How to Speak English Confidently (About Almost Anything!)

Have you ever been unsure of what word to use in a conversation?

There is a possibility that you worry about making embarrassing grammar and pronunciation errors.

Your professional skills are high, but your English ability is low, and sometimes you feel like you’re being held back in your career.

It’s not your fault if that’s the case.

Traditional language learning methods make it almost impossible to speak confidently.

Despite teaching more words, phrases, grammar, and translations, these methods fail to bring learners closer to confidence and fluency.

In fact, the solution is simply to learn less!

You’re about to discover the ONLY way to learn English so you feel comfortable speaking about almost anything.

It’s simple, fast, and easy. Plus, you can do it all yourself!

Change the Way You Think About Learning English

Imagine a brick first.

What are some of the different ways you can use the brick?

Take 30 seconds to think of as many ideas as you can before scrolling further.

Are you done?

The following are some possible uses:

Building a house

For use as a paperweight

As a counterbalance


Using a yoga block as a prop

Displayed as art

Throwing weapon

To see who can throw it further as a game

Breaking a window

To exercise with as a weight

Is this related to feeling confident when I speak English?”

If you want smooth communication, this exercise connects directly to how native speakers learn English.

Here’s what I mean…

Go Deep, Not Wide

As I walked my older daughter Aria to school the other day, she asked me:

What does harsh mean, Dad?”

Instead of giving her a definition…

I asked her where she heard the word first.

While watching Boss Baby, a TV show she enjoys, she had an epiphany.

When you heard the word, what was happening in the show?” I asked.

Aria explained that one of the characters was yelling at someone. Another character responded:

“Don’t be so harsh with me.”

In order to help Aria understand the word, I explained the context:

It was a difficult and tense situation. It was hard to handle for the person being yelled at. One person was angry and spoke some harsh words.

I explained everything to her in English (without translating).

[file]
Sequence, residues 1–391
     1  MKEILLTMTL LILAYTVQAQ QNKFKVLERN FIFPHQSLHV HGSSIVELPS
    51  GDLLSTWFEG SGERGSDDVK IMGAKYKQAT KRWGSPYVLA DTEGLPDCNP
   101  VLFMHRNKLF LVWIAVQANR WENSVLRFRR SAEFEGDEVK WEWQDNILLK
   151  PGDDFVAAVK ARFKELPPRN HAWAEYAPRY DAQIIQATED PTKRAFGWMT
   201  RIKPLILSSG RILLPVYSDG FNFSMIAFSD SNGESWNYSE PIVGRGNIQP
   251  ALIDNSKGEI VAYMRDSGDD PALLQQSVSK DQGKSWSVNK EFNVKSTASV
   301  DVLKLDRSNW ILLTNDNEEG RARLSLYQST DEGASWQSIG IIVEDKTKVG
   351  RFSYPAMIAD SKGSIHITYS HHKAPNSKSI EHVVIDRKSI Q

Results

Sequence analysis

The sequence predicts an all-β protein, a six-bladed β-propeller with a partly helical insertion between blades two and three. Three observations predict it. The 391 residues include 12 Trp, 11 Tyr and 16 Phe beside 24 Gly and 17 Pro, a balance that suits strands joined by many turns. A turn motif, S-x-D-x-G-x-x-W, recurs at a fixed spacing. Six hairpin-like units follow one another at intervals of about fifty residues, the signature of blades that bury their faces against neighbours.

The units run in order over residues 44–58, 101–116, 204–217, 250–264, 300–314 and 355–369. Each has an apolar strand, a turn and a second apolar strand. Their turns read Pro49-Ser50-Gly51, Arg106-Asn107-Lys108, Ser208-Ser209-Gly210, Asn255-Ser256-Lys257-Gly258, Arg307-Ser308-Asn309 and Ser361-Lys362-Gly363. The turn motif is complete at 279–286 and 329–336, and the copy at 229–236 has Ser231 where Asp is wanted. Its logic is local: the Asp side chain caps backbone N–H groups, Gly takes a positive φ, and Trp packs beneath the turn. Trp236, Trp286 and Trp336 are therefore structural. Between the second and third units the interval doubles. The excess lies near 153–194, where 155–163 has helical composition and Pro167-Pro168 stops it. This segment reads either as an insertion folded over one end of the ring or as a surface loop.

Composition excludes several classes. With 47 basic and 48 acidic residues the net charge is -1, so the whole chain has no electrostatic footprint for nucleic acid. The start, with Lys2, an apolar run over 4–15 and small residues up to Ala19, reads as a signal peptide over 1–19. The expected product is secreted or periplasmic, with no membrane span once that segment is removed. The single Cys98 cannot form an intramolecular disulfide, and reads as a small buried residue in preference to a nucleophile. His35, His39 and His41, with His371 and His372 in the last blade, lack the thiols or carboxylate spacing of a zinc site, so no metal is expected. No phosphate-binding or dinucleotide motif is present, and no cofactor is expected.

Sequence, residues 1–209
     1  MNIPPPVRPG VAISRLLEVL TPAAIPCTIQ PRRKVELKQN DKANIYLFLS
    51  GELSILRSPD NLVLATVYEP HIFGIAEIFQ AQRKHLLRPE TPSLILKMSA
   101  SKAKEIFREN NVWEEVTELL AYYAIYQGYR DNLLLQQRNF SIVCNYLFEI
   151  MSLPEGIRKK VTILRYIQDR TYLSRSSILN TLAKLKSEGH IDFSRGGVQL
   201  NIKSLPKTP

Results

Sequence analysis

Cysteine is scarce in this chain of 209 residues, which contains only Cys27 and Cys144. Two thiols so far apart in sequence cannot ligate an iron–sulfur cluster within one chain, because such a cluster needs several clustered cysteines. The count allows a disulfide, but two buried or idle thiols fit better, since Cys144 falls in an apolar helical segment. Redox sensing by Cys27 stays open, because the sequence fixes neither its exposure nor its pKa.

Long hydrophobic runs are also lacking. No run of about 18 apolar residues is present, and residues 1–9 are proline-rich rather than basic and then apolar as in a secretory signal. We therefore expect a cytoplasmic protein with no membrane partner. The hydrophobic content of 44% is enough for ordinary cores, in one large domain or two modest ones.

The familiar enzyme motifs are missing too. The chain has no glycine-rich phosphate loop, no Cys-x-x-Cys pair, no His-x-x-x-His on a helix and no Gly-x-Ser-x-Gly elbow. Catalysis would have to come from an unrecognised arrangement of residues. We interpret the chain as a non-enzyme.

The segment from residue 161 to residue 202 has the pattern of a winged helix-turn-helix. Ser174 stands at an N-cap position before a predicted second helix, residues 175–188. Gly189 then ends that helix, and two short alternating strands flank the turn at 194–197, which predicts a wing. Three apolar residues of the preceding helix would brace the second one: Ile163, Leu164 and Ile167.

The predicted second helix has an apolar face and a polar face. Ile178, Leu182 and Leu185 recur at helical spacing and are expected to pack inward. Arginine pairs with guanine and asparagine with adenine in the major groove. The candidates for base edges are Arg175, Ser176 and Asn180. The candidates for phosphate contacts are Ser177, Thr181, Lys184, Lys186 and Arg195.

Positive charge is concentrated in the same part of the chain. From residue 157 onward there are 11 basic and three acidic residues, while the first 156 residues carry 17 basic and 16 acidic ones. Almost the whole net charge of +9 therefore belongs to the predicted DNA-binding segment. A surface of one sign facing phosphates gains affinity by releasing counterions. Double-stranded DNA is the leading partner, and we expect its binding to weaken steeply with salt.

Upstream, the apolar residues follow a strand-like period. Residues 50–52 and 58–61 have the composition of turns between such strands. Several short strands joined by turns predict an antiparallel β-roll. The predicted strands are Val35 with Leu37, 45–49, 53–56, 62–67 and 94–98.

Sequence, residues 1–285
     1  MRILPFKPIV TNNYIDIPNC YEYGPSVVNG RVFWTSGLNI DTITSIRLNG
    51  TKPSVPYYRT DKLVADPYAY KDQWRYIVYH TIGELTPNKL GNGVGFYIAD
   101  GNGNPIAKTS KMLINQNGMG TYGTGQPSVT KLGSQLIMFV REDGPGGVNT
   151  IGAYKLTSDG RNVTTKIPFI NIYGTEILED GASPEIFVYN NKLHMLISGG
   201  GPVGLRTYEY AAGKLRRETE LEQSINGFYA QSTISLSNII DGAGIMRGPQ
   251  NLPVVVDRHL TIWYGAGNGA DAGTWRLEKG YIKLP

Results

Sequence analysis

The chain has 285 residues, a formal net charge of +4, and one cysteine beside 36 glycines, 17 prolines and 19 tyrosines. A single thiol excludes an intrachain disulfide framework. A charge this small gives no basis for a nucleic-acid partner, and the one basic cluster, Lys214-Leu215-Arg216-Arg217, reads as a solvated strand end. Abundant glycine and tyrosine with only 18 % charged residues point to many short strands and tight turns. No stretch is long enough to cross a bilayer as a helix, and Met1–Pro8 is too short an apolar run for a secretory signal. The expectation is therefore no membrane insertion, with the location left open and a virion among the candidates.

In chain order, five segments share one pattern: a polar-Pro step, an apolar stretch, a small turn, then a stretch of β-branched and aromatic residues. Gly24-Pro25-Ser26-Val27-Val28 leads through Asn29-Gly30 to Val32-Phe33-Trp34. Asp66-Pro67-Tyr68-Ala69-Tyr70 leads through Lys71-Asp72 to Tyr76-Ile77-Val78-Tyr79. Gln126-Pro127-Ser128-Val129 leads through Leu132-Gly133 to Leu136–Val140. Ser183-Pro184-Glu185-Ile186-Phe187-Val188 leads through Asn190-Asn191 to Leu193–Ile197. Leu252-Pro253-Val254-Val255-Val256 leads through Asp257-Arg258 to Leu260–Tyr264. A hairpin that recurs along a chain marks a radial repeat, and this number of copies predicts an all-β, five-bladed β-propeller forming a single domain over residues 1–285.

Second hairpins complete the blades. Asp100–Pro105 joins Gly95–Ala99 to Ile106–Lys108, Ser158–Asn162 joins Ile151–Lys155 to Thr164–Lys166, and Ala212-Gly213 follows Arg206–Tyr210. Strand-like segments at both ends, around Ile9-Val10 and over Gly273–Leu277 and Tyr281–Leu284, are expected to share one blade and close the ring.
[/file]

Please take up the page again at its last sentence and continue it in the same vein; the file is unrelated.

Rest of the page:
My goal wasn’t just to define the word, but to help her really understand it so that she can use it confidently and fluently for the rest of her life.

As we walked to school, I gave her many more examples.

She asked me what harsh weather might mean.

What would you suggest:

Is it a sunny day with a nice breeze?


How about a cold, rainy day, when the wind blows so hard that the rain stings?

Choosing the second option, she thought for a moment.

As a result, there can be harsh weather. We can even be more specific, and say there’s a harsh storm, such as a nasty blizzard.

Also, I might use some harsh soap that leaves my hands dry and cracked after washing dishes.

After that, I asked her:

What does a harsh season mean for a farmer? Easy times, or hard times? How about harsh conditions for skiing? Is it easier or harder to see and ski in harsh conditions? Would I need sunglasses in harsh conditions?”?”

Our journey continued until we reached her school.

I asked her a week later what “harsh” meant, and she replied, “Difficult.”. 🙂

As with the brick exercise above, the main idea is not to stop with one example. We want to go deep and make sure we understand words very well.

Additionally, this makes vocabulary MEMORABLE so you can recall the right words confidently and correctly!

This is awesome, isn’t it?

Native speakers use vocabulary in many contexts all in English, not because of where they live. Native speakers make STRONG connections with vocabulary in many different contexts, all in English.

In this way, they gain a deeper understanding of words and grammar, and learn how language can be used in different situations.

As long as you get the same “deep lessons” that native speakers receive, you can also become fluent anywhere.

Consider this: